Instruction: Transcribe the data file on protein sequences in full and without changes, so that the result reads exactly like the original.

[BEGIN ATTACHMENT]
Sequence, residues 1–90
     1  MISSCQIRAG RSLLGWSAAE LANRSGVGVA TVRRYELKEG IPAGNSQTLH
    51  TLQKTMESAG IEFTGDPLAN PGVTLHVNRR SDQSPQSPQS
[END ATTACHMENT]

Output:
Sequence, residues 1–90
     1  MISSCQIRAG RSLLGWSAAE LANRSGVGVA TVRRYELKEG IPAGNSQTLH
    51  TLQKTMESAG IEFTGDPLAN PGVTLHVNRR SDQSPQSPQS